You can choose from products like tinctures, gummies, and vape carts. The gummies are my favorite category because Finest Labs makes you spoiled for choice. There are regular delta 8 THC gummies, as well as CBG + Vitamin B12 gummies, and HHC gummies.

Finest Labs is also one of the most reputable manufacturers of botanical terpenes, offering both single terpenes and special blends that recreate the effects and flavors of specific cannabis strains.

FAQs

Who can use medical marijuana in Tennessee?

Tennessee allows marijuana for medical use if you have intractable epilepsy. If you prove that no other conventional treatment has been useful, you can use high-CBD/low-THC oil. The problem is that Tennessee doesn’t have a distribution network for these products, so patients are stuck without their medicine.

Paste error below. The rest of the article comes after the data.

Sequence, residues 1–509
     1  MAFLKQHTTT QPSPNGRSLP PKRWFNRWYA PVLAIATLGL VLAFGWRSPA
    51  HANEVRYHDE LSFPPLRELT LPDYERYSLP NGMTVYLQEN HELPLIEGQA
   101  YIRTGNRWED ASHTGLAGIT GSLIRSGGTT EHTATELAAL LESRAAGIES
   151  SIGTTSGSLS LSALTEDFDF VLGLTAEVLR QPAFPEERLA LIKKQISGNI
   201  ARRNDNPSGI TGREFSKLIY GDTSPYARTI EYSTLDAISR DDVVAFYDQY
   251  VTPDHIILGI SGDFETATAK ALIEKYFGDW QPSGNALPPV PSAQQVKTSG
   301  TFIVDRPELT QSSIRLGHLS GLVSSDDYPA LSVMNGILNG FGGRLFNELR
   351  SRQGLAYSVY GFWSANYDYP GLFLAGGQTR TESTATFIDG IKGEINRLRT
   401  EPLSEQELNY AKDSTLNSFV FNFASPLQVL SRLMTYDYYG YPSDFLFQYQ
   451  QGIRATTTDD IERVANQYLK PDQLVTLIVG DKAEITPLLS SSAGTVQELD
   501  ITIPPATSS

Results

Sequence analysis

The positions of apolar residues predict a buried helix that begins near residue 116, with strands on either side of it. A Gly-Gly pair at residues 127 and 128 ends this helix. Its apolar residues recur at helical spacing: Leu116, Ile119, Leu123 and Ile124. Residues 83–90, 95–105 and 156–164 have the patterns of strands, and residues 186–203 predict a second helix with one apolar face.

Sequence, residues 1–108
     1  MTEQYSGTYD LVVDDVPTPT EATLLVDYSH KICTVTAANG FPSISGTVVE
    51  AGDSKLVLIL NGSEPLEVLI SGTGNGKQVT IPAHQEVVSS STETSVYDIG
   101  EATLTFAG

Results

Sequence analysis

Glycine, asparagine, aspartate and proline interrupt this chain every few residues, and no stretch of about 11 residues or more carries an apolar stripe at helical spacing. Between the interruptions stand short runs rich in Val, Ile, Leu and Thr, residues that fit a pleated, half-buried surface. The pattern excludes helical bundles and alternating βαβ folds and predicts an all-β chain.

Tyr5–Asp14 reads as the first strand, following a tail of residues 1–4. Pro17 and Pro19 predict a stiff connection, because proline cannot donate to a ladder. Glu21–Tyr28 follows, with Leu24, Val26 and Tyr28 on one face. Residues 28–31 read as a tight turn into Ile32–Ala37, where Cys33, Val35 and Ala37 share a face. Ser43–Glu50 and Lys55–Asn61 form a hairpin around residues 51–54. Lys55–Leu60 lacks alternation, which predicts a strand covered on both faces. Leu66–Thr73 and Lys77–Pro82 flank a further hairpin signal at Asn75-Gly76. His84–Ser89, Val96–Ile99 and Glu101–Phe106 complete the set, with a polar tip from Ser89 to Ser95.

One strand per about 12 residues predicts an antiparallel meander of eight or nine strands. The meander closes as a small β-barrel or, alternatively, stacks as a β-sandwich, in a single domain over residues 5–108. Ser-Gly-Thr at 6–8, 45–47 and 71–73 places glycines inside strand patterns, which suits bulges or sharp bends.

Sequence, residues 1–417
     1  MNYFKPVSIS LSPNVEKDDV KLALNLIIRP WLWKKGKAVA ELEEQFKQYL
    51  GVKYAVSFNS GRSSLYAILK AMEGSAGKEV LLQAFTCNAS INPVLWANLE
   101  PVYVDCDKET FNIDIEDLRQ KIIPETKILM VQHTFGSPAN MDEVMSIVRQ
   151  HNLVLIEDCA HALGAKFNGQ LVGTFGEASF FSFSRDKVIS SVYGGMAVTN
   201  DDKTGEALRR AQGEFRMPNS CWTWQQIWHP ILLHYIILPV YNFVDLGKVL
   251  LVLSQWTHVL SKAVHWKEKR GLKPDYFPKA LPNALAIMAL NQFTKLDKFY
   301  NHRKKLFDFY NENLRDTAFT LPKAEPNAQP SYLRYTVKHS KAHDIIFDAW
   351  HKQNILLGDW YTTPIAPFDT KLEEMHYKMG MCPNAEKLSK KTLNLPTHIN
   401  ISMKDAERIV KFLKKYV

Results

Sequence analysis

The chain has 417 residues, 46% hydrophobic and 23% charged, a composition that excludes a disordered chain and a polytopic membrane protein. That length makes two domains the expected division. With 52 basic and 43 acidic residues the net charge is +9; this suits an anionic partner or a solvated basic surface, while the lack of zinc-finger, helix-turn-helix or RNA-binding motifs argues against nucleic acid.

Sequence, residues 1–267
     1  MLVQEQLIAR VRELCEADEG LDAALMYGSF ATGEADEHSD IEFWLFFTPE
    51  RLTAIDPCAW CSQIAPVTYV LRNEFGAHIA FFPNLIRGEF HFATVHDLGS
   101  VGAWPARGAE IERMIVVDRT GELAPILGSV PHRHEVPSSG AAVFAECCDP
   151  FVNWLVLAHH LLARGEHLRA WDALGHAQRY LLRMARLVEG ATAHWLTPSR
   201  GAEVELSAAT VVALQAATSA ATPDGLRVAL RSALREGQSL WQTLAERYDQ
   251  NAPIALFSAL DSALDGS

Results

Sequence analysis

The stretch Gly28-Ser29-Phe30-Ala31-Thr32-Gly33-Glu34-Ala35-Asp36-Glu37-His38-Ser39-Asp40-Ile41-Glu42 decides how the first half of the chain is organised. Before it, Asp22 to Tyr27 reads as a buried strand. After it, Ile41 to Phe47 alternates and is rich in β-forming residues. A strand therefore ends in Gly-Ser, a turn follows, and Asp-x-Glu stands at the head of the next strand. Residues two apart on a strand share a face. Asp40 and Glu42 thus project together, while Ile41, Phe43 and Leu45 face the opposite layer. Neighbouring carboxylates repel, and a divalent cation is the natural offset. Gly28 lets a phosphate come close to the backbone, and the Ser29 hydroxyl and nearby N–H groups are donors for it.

Can you grow weed in Tennessee?

No. It’s illegal to grow weed in Tennessee. It’s a felony punishable by up to 6 years in prison.

Can you smoke marijuana in public?

No, smoking marijuana in public is prohibited in Tennessee. If you’re caught consuming weed in a public place, you’ll be charged with possession.

Can you travel with marijuana in Tennessee?

No. Marijuana is illegal in Tennessee, and traveling is no exception. Patients can carry low-THC/high-CBD oil, but they’re not allowed to travel with it to another state. Doing so is treated as marijuana trafficking.

Is buying weed online an option in Tennessee?

No. You can’t buy marijuana online because it’s illegal in Tennessee. The only cannabis products you can buy online are hemp-derived derived CBD oil and delta 8 THC.

Is CBD oil from hemp legal in Tennessee?

Yes. CBD oil is legal in all 50 states under the 2018 Farm Bill. The new law removed hemp from the list of controlled substances, reclassifying it as an agricultural commodity.